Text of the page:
Reference to LOS 44.h: Explain how interest rate volatility affect OAS
The paragraph that follows used callable bond as an example.
As interest rate volatility increases, call option value will increase and this cause the value of the callable bond to fall.
It has been stated in the paragraph that this price will be closer to its actual market price. It states furthers that the constant spread that needs to be added to the benchmark rates to correctly price the bond will be therefore lower.
Question 1: Why is price closer to its actual market price?
Question 2: Why the OAS to be added is lower? I thought price and return are inversely related. If price of callale bond drop, the OAS that need to be added should be larger instead?
Is this from the CFA Institute curriculum, or from Schweser or Élan?
I suspect what they’re comparing is the price of a callable bond generated from a particular binomial tree model to the market price. As you increase the interest rate volatility in the model (leaving the OAS constant), the model price of the bond will decrease, reflecting the increased value of the call option. Similarly, if you increase the interest rate volatility of the model (leaving the price constant), the model OAS will decrease, reflecting the increased value of the call option.
Can I say that the purpose of adding a constant spread (i.e. OAS) to the return is to prevent the mispricing of credit risky bond (e.g. if risk free rate is used to value the bond, the bond will be overpriced)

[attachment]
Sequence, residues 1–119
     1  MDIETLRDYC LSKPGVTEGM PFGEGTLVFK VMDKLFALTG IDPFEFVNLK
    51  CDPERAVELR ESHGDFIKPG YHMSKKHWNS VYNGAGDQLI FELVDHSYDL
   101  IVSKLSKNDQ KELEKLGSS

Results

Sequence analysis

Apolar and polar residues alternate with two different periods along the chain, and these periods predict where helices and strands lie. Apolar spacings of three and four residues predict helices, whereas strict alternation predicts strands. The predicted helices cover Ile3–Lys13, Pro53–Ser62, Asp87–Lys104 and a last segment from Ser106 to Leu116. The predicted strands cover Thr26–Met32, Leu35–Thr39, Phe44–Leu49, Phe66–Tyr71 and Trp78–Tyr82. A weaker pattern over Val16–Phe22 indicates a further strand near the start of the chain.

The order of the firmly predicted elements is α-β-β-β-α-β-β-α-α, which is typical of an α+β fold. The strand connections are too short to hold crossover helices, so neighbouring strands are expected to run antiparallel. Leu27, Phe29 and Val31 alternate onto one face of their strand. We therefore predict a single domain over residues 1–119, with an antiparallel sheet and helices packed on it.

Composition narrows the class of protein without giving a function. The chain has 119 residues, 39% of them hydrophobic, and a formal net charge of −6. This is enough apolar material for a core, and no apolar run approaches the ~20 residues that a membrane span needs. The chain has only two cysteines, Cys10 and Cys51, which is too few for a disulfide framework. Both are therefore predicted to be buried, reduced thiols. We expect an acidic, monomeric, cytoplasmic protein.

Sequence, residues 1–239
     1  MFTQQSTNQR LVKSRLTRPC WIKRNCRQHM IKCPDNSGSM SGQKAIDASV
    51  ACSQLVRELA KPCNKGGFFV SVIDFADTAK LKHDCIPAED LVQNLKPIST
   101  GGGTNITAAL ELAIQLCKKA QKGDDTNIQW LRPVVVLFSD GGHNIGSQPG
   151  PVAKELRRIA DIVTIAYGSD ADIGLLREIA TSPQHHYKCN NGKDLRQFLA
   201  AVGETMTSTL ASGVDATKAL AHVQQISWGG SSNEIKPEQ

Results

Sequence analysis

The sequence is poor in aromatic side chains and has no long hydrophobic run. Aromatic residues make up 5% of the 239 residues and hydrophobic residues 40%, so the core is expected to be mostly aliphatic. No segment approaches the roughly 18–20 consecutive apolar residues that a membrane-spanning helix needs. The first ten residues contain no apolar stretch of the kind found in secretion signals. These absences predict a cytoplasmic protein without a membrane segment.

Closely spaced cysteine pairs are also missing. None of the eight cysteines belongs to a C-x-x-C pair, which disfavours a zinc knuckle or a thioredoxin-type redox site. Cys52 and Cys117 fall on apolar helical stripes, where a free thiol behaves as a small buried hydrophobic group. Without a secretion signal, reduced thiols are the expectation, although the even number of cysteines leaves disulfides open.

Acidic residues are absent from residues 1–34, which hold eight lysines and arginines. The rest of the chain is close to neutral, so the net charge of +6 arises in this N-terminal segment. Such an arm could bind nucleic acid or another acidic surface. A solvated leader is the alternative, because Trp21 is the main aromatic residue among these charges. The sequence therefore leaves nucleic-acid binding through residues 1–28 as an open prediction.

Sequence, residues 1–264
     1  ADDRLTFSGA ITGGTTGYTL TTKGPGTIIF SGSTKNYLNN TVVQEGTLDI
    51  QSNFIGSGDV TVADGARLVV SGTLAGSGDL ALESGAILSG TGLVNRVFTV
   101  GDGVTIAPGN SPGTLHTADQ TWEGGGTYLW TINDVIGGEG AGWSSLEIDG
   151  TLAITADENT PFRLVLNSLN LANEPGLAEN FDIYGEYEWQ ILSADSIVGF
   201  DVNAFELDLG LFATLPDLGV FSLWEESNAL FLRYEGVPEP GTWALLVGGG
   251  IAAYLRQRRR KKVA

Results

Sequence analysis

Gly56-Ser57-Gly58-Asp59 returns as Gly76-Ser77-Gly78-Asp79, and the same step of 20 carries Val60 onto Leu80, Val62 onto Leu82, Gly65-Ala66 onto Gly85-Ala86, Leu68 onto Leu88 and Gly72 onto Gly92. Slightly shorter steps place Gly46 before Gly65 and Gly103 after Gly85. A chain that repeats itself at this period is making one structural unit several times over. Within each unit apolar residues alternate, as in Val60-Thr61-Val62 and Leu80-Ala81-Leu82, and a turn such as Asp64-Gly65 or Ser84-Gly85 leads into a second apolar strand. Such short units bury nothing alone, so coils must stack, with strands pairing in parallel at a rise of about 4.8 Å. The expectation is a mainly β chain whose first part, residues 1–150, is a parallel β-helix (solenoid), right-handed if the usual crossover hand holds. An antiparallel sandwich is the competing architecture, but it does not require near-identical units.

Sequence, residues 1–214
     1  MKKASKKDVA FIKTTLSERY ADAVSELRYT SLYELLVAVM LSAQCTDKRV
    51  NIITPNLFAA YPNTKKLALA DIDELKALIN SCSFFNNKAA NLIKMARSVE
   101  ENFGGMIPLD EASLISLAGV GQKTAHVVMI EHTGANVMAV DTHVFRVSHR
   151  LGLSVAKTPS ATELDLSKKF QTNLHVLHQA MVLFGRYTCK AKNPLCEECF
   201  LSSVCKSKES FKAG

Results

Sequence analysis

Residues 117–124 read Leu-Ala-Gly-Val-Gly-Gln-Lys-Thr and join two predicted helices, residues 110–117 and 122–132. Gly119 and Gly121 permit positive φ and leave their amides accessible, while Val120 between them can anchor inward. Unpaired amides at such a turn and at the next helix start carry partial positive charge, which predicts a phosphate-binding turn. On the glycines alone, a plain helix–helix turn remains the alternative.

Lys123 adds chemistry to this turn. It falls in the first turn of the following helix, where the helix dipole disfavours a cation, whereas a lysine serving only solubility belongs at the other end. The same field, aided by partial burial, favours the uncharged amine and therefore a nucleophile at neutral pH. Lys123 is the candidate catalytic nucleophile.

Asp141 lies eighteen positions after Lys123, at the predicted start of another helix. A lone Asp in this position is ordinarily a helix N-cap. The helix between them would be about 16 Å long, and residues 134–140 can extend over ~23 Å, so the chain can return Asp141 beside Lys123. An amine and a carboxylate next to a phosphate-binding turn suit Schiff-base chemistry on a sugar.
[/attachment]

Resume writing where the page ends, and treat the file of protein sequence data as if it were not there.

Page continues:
Hey S2000 Magician, This is throwing me a bit as well. I had the exact same questions Ernest had to start this thread. In you answer, “Similarly, if you increase the interest rate volatility of the model (leaving the price constant), the model OAS will decrease, reflecting the increased value of the call option.” Do you mind expanding a bit on that. In otherwords I get that we are holding the calculated model price constant and vol is shifting, by why exactly is OAS decreasing? It’s very counterintuitive for an decrease in OAS in a situation where the bond’s market value should decrease. Thanks
Remember that the OAS is equal to the z-spread less the option cost (measured in basis points of additional yield). The more valuable the option, the higher the option cost, so the lower the OAS.
If interest rates are more volatile, it’s more likely that the call option will be in the money, so it’s more likely that it will be exercised: the option is more valuable. And when the option is more valuable, its cost is higher, so the OAS is smaller.
I think I actually got it, So for a callable bond, if we increase volatility, in each node, there is a higher liklihood for the PV of cashflow to be adjusted down from a price above the call price to the call price (lets say par). If one of the PV’s of your node’s is let’s say 102 you will need to decrease that price to 100. Now to discount those NEW cashflows to the SAME model price (pv at node 0) you originally calculated, you would have to lower your discount rates, in otherwords reduce the OAS at each node. Same idea applys to a put, A put option would INCREASE price at a specific node where based on increased volatility, the bond fell below put price (lets say par). So if a bond’s pv at a node fell to 97, and the TOTAL model price is kept constant, the node’s value would move from 97 to 100, and you would have to increase the discount rate at that node to compensate for the higher price. This would be reflected in a higher OAS. S2000, you mind sanity checking that logic? Thanks